Biography of Andy Williams
Andy Williams – American singer.
Name: Howard Andrew Williams
Date of Birth: December 3, 1927
Place of Birth: Wall Lake, Iowa, United States
Date of Death: September 25, 2012 (aged 84)
Place of Death: Branson, Missouri, United States
Occupation: Singer, Actor, Record producer
Spouse/Ex: Claudine Longet (m. 1961–1975), Debbie Meyer (m. 1991–2012)
Children: Noelle Williams, Christian Williams, Robert Williams
An engaging crooner, TV personality, and entrepreneur, Andy Williams was born on December 3, 1927, in Wall Lake, Iowa, U.S. He was an American singer. He recorded 43 albums in his career, of which 15 have been gold-certified and three platinum-certified. He was delighted television audiences as the handsome crooner and star of The Andy Williams Show (1962–67 and 1969–71), a musical-variety program that won three Emmy Awards during a period in which rock and roll were overtaking the easy-listening genre.
With his laid-back delivery, supple voice, and amiable charm, Williams rode a wave of success that took him from a childhood vocal act with his brothers to worldwide fame as a solo artist, eventually finding latter-day success as a theater impresario in Branson, Missouri. Though he started out as a crooner in the post-Frank Sinatra style, his wide-ranging taste in music (as evidenced by the guests on his ’60s variety show) found him embracing artists and songs across generational and stylistic boundaries; and he can be heard on record interpreting songs that range from traditional pop to rock to bossa nova, country, and beyond. From the pre-rock & roll era onward, Williams was one of the most recognizable singers of his day.
Williams was also nominated for six Grammy Awards. He hosted The Andy Williams Show, a television variety show, from 1962 to 1971, and numerous TV specials. The Andy Williams Show won three Emmy awards. The Moon River Theatre in Branson, Missouri is named after the song for which he is best known Johnny Mercer and Henry Mancini’s “Moon River”. He sold more than 100 million records worldwide, including more than 10 million certified units in the United States. Williams was active in the music industry for 74 years.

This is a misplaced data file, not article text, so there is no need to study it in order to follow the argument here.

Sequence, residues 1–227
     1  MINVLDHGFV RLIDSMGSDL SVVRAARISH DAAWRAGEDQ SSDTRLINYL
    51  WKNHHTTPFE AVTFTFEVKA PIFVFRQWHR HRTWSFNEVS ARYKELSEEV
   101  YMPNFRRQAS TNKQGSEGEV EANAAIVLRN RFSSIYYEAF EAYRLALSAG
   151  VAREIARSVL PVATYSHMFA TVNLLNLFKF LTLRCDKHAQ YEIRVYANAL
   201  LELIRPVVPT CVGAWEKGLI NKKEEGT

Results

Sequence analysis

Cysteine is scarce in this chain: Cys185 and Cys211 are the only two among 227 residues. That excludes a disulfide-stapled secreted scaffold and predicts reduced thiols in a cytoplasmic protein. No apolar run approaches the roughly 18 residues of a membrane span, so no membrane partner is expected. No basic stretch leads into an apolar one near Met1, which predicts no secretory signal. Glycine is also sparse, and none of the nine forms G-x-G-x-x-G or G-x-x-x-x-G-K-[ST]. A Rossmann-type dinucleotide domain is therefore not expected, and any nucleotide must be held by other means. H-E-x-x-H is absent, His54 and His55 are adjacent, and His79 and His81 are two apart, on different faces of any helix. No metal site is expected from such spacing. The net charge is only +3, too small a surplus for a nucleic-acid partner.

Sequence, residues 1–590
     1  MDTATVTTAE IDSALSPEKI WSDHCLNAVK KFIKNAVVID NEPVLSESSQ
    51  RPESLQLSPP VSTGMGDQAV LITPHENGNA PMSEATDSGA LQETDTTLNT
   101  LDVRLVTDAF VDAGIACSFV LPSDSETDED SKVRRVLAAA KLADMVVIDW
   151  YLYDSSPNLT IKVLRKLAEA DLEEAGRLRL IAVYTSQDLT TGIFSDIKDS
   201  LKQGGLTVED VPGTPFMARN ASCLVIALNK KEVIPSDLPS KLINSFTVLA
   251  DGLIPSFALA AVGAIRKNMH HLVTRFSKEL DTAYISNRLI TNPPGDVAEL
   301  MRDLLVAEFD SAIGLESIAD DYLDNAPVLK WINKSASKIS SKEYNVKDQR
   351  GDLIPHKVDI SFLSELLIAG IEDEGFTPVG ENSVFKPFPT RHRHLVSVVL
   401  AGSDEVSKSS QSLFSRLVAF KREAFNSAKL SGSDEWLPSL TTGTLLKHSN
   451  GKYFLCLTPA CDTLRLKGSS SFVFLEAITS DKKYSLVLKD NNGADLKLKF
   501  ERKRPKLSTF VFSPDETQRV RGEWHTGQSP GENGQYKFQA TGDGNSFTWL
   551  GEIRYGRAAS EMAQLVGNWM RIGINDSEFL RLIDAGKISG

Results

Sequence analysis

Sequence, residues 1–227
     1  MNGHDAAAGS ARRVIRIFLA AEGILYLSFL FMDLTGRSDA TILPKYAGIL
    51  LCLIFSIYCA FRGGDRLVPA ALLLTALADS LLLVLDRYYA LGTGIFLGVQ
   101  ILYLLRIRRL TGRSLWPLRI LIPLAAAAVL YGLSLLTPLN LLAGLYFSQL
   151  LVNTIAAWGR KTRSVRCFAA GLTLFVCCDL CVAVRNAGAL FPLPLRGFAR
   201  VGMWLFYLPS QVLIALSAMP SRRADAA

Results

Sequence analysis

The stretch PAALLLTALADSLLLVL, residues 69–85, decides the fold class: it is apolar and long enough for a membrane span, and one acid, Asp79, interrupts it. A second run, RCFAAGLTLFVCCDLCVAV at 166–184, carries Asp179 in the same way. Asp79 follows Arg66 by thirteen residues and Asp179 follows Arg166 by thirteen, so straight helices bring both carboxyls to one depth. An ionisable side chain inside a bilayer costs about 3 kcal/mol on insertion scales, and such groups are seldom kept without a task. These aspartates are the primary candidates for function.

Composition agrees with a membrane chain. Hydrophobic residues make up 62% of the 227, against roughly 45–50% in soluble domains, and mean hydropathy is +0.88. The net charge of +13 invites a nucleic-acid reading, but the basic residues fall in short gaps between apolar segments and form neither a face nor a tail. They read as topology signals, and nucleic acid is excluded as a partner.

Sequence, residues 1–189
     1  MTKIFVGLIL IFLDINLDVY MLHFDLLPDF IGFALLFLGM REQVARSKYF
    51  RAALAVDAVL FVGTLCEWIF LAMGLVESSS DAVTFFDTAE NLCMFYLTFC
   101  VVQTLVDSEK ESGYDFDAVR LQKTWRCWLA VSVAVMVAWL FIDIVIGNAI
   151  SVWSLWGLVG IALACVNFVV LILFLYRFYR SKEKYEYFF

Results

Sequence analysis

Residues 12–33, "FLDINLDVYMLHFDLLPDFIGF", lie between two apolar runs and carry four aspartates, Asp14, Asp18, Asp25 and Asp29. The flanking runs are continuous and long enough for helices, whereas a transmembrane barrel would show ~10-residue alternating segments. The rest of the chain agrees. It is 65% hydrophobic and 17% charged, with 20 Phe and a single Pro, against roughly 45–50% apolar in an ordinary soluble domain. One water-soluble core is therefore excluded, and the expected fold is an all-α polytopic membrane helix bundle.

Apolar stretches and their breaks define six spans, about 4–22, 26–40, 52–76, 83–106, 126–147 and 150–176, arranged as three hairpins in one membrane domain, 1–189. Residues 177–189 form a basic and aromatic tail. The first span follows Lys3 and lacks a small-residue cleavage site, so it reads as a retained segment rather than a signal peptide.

Childhood, Family and Educational Life
Andy Williams, by name of Howard Andrew Williams, was born on December 3, 1927, in Wall Lake, Iowa, the U.S. to Jay Emerson and Florence (née Finley) Williams. He had three older brothers Bob, Don, and Dick Williams.
While living in Cheviot, Ohio, Williams attended Western Hills High School in Cincinnati, Ohio. He finished high school at University High School, in West Los Angeles, because of his family’s move to California.
Andy Williams met French-born Claudine Longet when he came to her aid on a Las Vegas road. She was a dancer at the time at the Folies Bergère. They married on December 15, 1961, and over the next eight years, they had three children Noelle, Christian, and Robert. After separating in 1970, Williams and Longet divorced in 1975, but they remained friends.
On May 3, 1991, Williams married Debbie Meyer, whom he met through a mutual friend. They made their homes at Branson, Missouri and La Quinta, California, where he was known as the “honorary mayor”. Williams was a noted collector of modern art and his homes have been featured in Architectural Digest.
Williams was an avid golfer and hosted the PGA Tour golf tournament in San Diego from 1968–1988 at Torrey Pines. Then known as the “Andy Williams San Diego Open”, the tournament continues as the Farmers Insurance Open usually played in February. He was also a competent ice skater and occasionally skated as part of his television Christmas shows. He was a noted collector of Navajo blankets. His collection had hung in his home, his offices, and the Moon River Theater, and was exhibited at the Saint Louis Art Museum in 1997-1998. Williams collection was valued at over $1 million by Sotheby’s, who was due to sell the collection in May 2013. The sale on May 21, 2013, yielded $978,506 (£642,064). Exch Rate: 0.66.
Career and Works
Andy Williams began performing at the age of six with his older brothers in the singing group the Williams Brothers. His first performance was in a children’s choir at the local Presbyterian Church. He and his brothers formed the Williams Brothers quartet in late 1938, and they performed on radio in the Midwest, first at WHO, in Des Moines, Iowa, and later at WLS, in Chicago, and WLW, in Cincinnati. Moving to Los Angeles in 1943, the Williams Brothers sang with Bing Crosby on his 1944 hit record “Swinging on a Star”. They appeared in four musical films: Janie (1944), Kansas City Kitty (1944), Something in the Wind (1947) and Ladies’ Man (1947).